Exchange rates and the economy: Devaluations didn’t work

Posted: September 30, 2015 in economy
Tags: , ,

THE term "currency wars" has sparked a vigorous debate within the economics commentariat. The term was coined by Brazil's then finance minister, Guido Mantega, in 2010 when the real was moving sharply higher, a nice irony given the real's recent falls to record lows. Some saw it as a negative development, talking of beggar-thy-neighbour devaluations designed to grab a bigger share of world trade; eventually, this was a zero sum game since all currencies cannot devalue. The counter-argument was that, on the contrary, this was positive for the world economy. Countries were easing monetary policy, either by cutting interest rates or adopting quantitative easing, and the aggregate effect would be to boost global demand. Parallels were drawn with the 1930s when developed countries abandoned the gold standard and those that devalued first, recovered most quickly.A new (privately circulated, so no link) note from Stephen King, the senior economic adviser at HSBC, argues that the 1930s parallel is incorrect and that, currentlyattempts by individual central banks to boost growth and inflation via currency depreciation have been collectively self-defeatingThe key difference, in Mr King's view is thatIn the 1930s, currency declines weren’t just simple devaluations. They represented, instead, a seismic change in monetary regimes. The gold standard was abandoned. The anchor that had …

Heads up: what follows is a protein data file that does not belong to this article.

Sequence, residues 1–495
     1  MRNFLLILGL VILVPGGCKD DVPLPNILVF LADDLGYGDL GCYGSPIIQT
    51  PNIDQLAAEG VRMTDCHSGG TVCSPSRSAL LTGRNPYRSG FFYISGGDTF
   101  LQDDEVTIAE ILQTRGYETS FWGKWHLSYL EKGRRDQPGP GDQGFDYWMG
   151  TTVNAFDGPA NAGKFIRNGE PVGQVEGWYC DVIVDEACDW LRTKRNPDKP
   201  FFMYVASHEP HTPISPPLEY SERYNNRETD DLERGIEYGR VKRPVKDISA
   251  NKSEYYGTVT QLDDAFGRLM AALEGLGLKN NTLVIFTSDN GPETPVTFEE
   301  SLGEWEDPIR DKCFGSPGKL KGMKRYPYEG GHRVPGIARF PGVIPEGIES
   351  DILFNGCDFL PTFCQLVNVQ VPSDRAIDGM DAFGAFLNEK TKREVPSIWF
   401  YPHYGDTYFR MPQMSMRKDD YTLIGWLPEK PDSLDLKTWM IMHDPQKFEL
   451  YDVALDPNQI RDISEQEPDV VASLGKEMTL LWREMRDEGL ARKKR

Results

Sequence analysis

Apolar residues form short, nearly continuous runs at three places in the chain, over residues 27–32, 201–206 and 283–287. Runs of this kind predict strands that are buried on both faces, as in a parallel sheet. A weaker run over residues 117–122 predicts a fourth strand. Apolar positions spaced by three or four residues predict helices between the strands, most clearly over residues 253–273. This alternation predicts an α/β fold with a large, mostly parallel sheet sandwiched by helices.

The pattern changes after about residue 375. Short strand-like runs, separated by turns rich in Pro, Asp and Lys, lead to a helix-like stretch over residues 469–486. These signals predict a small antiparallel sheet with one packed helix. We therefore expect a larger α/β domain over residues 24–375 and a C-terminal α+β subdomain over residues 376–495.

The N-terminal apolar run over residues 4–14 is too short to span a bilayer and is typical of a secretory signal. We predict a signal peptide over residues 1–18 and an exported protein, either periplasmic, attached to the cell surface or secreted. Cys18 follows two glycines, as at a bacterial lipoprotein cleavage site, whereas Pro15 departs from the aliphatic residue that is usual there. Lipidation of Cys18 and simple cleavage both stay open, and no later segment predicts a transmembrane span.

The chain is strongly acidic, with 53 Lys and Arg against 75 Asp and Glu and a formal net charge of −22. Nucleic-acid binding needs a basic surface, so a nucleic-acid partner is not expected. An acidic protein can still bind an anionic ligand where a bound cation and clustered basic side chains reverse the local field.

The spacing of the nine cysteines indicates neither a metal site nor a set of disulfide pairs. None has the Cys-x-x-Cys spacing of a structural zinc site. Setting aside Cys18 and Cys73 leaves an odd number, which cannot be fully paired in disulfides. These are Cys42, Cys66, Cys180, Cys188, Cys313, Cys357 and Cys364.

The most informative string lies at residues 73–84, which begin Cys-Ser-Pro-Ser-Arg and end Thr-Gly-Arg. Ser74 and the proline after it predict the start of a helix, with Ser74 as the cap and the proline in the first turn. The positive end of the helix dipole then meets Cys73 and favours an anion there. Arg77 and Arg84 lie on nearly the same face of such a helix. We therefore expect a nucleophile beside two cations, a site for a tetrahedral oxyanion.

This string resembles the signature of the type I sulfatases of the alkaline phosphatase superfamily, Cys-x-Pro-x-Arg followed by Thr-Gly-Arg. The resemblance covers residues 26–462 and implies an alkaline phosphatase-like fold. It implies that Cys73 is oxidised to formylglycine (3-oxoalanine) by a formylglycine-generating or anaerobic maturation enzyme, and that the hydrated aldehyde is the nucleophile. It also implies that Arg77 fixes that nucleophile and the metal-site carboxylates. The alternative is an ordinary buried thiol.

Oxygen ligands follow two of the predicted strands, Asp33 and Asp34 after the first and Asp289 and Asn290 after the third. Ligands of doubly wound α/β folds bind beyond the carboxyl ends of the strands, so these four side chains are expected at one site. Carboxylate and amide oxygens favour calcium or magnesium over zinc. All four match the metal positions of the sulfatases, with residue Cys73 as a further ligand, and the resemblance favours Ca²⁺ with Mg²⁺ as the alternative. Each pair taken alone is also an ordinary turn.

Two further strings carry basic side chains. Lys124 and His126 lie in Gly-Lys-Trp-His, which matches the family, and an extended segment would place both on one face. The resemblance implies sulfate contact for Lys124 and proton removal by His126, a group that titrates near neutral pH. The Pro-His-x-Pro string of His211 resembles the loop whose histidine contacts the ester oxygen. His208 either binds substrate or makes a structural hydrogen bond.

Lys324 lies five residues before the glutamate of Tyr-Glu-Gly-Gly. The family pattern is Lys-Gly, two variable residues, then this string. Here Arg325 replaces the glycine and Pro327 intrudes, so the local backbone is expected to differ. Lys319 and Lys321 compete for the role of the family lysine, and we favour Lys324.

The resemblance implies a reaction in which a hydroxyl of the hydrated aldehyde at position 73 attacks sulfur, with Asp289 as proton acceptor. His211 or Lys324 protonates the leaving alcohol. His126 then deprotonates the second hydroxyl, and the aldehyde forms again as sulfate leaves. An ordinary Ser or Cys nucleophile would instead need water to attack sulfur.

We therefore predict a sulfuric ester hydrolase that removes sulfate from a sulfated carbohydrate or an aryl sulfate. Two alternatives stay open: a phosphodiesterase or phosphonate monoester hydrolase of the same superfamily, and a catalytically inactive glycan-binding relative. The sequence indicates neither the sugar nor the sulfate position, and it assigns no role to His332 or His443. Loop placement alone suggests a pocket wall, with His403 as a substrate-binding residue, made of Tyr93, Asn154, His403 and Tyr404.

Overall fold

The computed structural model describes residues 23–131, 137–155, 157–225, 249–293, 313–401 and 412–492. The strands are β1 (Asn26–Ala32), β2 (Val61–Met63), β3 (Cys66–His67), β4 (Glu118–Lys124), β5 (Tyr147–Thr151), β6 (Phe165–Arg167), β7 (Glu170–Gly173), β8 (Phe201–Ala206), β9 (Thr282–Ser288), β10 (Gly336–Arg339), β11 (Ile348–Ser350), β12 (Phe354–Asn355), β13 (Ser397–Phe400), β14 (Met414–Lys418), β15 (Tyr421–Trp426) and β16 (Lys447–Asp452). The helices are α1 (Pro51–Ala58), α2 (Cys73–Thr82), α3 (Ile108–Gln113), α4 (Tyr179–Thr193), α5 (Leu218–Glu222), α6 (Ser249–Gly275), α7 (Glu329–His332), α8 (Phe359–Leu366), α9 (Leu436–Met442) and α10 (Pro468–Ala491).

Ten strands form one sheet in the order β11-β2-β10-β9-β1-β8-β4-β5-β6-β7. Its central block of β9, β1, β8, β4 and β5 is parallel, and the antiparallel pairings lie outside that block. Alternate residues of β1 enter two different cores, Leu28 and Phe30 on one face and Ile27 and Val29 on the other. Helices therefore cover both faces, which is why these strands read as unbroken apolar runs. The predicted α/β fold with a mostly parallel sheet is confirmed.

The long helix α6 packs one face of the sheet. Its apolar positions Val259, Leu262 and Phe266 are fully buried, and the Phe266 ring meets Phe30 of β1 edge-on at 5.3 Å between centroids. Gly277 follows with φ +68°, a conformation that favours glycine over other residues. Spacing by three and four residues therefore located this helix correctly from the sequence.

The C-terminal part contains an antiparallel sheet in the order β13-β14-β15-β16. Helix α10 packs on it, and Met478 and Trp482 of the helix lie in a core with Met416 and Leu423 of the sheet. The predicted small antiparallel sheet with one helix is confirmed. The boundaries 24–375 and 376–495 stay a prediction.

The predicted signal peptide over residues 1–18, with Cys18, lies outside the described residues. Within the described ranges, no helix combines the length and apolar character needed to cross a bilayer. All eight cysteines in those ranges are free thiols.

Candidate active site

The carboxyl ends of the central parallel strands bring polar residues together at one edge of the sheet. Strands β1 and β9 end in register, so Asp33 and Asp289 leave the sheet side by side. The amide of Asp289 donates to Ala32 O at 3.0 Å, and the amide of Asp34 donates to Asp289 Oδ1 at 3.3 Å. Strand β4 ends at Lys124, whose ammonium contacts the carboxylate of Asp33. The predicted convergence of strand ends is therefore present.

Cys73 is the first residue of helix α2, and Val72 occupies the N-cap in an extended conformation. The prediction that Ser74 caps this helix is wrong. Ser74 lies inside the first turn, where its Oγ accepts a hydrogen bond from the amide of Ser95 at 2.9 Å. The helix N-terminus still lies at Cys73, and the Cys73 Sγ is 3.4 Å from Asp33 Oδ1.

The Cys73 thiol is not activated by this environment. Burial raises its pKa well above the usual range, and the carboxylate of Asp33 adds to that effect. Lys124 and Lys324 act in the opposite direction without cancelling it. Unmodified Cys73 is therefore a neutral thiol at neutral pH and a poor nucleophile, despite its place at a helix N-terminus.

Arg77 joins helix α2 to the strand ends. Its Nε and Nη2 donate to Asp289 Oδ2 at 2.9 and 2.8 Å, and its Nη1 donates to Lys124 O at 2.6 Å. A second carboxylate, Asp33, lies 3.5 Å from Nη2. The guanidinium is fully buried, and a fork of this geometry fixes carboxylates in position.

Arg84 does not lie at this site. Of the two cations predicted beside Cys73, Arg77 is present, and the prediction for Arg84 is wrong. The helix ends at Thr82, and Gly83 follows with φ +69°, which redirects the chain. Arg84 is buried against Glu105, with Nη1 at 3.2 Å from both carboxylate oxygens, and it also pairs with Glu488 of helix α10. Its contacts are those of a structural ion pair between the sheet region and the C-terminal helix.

via Economic Crisis http://ift.tt/1KRuMjn

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